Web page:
Inner Transformation

The metamorphosis in my inner life was affecting more than outer lifestyle changes. I had been living in a little box, comprised of all the people and things I was familiar with. And now there was a whole world of ideas out there to explore. I started reading voraciously, but instead of novels and adventure stories my interest turned to philosophy, art, comparative religions and psychology. There was hardly anything I wasn't interested in. I knew there was more to this existence than "seeking the good life" and my mind was like a thirsty sponge, gathering information.

When I read about an organization called the Theosophical Society I was drawn by the group's purpose, which was to encourage the study of comparative religions, science, and the powers latent in humankind. What particularly attracted me was their motto: "There is no religion higher than Truth." The national headquarters in Wheaton, Illinois housed a staff of forty in a beautiful setting of trees and gardens. The forces calling me were strong and I had no intention of resisting.

Within a year following my experience in the forest we were packing up to drive from California to the Theosophical Society in Wheaton, Illinois. We put our house up for sale and turned the mortgage over to the first couple who were interested. We called Good Will to come pick up the furniture in our 4 bedroom house. We turned in my husband’s company car, gave the rest of our belongings away and found homes for the cats. We kept L'il Bit, a small Papillion, and drove away in my old green Pontiac. The Pontiac died as we reached the Great Salt Lake in Utah. We moved the few belongings we had with us into a rented van.

When we arrived in Wheaton we drove up to the entrance of the main building and knocked on the front door. In the whirlwind of this bold move and leaving all behind we hadn’t thought to let anyone know we were coming. The woman who answered the door was stunned and a meeting was hastily called. A decision was made to take us in but there was nowhere to put us. The handful of individual houses on the property were already occupied by families. The main building housed 40 adults, several offices, an auditorium an and a grand formal library. The basement included a kitchen and dining room where people gathered for meals and recreation. No children or animals were allowed to live in the main building.

By the next day an apartment had been rented for us. We would take our meals with everyone else and both my husband and I would receive twenty-five dollars a week in exchange for work, he in maintenance and I as assistant housekeeper. It became a very doable situation for all. I was able to work with my daughter in the mornings and then she would accompany me to the main building to finish her lessons in the library. When she had completed her studies she was free to join the children who lived on the grounds. At times she was a guest for special programs at her new friend’s school. I didn’t fully realize at the time how extraordinary it was that our unexpected arrival had been received with such grace.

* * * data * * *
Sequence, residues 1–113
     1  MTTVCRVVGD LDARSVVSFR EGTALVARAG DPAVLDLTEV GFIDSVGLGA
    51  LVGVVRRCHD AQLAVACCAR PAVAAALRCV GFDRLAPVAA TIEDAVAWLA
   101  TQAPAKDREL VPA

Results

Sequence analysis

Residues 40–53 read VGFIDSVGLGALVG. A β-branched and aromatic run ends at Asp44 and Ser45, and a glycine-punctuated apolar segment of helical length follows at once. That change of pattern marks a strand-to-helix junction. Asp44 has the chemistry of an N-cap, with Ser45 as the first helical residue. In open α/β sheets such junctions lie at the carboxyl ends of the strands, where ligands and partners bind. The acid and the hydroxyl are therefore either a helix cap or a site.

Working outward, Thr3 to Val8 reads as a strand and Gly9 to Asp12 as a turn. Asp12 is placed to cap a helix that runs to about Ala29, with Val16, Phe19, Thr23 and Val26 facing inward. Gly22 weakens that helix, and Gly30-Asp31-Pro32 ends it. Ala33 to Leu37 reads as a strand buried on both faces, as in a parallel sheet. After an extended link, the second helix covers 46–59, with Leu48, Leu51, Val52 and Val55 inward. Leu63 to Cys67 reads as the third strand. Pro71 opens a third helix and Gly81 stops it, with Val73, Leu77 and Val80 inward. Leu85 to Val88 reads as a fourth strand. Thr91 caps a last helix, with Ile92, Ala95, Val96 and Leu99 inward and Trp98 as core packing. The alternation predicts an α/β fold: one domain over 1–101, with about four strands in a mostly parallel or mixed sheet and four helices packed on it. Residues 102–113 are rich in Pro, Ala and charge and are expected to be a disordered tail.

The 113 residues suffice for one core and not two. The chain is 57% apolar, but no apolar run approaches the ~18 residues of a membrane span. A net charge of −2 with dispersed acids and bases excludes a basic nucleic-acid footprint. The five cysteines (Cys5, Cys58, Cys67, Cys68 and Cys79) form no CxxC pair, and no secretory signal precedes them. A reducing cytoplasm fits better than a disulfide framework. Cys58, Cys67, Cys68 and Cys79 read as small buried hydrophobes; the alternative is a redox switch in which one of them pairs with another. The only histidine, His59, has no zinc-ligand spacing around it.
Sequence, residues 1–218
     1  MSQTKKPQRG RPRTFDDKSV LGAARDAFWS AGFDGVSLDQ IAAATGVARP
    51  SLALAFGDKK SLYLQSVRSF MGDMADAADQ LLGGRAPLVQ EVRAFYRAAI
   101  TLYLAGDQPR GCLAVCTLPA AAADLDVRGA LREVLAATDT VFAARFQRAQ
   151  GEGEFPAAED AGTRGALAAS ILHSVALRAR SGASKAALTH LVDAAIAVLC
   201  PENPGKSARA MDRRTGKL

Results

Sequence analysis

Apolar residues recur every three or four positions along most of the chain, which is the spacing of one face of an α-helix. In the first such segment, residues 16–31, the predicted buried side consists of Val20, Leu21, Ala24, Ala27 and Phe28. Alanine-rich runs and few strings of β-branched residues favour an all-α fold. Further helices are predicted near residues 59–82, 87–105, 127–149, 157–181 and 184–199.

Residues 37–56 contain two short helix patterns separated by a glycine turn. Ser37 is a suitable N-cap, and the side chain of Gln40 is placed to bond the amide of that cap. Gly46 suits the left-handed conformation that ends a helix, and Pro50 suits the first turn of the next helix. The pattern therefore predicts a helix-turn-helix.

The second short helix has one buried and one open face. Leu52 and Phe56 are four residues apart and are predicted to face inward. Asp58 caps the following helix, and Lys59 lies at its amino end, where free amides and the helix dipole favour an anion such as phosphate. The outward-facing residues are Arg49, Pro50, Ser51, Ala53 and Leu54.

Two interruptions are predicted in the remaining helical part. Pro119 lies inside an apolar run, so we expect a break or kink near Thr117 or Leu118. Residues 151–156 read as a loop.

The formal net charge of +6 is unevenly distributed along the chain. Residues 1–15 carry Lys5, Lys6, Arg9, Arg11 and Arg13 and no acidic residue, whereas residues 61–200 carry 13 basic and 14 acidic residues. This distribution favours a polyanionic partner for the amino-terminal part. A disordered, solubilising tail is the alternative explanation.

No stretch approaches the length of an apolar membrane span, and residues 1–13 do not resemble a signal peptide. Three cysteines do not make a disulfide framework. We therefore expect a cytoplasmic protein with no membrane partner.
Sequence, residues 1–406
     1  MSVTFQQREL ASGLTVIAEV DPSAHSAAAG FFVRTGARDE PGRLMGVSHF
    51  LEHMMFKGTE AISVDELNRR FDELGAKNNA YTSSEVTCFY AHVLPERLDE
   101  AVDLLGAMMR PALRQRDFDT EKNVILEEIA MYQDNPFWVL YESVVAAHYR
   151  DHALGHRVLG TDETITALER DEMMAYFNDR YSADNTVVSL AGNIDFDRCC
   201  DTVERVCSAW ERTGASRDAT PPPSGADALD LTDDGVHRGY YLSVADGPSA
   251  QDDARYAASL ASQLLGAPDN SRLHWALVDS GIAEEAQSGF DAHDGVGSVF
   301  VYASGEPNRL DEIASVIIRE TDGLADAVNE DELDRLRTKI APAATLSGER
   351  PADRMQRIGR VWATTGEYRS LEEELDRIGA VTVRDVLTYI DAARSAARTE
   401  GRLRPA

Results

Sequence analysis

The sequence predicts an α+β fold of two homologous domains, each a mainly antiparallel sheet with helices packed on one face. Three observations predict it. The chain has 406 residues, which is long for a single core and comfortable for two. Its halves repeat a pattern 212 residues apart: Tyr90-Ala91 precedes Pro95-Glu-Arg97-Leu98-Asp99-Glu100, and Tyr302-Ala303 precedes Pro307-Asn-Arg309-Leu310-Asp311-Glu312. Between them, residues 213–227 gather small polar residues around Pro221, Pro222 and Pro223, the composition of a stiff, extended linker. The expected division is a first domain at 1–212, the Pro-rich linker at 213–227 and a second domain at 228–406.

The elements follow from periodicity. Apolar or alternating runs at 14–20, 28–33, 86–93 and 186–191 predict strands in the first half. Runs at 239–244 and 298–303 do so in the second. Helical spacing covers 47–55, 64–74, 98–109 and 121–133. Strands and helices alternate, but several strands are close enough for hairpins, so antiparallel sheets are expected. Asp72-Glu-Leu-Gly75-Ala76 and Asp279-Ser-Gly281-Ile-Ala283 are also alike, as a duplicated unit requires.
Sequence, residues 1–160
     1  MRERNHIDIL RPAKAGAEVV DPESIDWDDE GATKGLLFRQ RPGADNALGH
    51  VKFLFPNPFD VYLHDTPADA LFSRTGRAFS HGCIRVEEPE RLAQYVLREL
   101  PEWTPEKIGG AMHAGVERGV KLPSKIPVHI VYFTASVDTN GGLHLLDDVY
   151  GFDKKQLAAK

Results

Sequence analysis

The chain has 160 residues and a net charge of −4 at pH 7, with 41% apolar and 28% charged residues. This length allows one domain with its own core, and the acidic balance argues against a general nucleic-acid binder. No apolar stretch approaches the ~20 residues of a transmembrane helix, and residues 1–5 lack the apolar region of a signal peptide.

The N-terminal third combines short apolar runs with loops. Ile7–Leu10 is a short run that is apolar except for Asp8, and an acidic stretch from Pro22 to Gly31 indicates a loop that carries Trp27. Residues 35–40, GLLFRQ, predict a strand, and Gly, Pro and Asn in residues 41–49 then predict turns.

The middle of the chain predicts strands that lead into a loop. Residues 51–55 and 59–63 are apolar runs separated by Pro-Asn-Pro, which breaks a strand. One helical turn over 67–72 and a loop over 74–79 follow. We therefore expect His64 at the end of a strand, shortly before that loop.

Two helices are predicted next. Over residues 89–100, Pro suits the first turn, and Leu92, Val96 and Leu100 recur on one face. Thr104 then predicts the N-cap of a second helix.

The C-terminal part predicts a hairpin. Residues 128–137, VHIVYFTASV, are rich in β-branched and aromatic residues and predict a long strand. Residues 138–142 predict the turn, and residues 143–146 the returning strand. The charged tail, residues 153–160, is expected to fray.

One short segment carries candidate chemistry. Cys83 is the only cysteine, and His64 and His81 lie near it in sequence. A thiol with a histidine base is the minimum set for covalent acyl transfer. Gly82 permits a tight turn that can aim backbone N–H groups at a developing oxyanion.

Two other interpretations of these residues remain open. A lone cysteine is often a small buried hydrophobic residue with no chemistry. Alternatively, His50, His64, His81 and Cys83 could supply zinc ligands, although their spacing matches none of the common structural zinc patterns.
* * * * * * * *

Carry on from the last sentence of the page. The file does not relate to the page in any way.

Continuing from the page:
It wasn't long after our arrival in Wheaton that I heard about a woman who would be coming to stay at the Theosophical Society for several weeks while she was speaking in the Chicago area. This unusual woman, who called herself Peace Pilgrim, had been walking throughout the United States for 23 years and was much sought after as a speaker. Her engagements were booked and her itinerary planned years in advance. She considered herself a religious pilgrim, carried no money and didn't accept any, and owned only the clothes on her back. She had made a vow to walk until humanity learned the ways of peace, accepting shelter and food only when it was offered. She never asked.

I had read many stories about saints and inspiring individuals who lived exemplary lives of devotion and faith. My prayer had been to meet, in the flesh, a person actually lived the ideals I wanted so much to believe in but I was still skeptical that the living of such ideals was humanly possible. The only characters of flawless virtue that I knew were in books and I wanted tangible evidence that there was a real chance of attainment in the process of growing toward the potential I was feeling inside. I waited in anticipation for the day she would arrive.

theosophical society
The Theosophical Society in America, located in Wheaton, Illinois

Cheryl Canfield, CCHT, 2023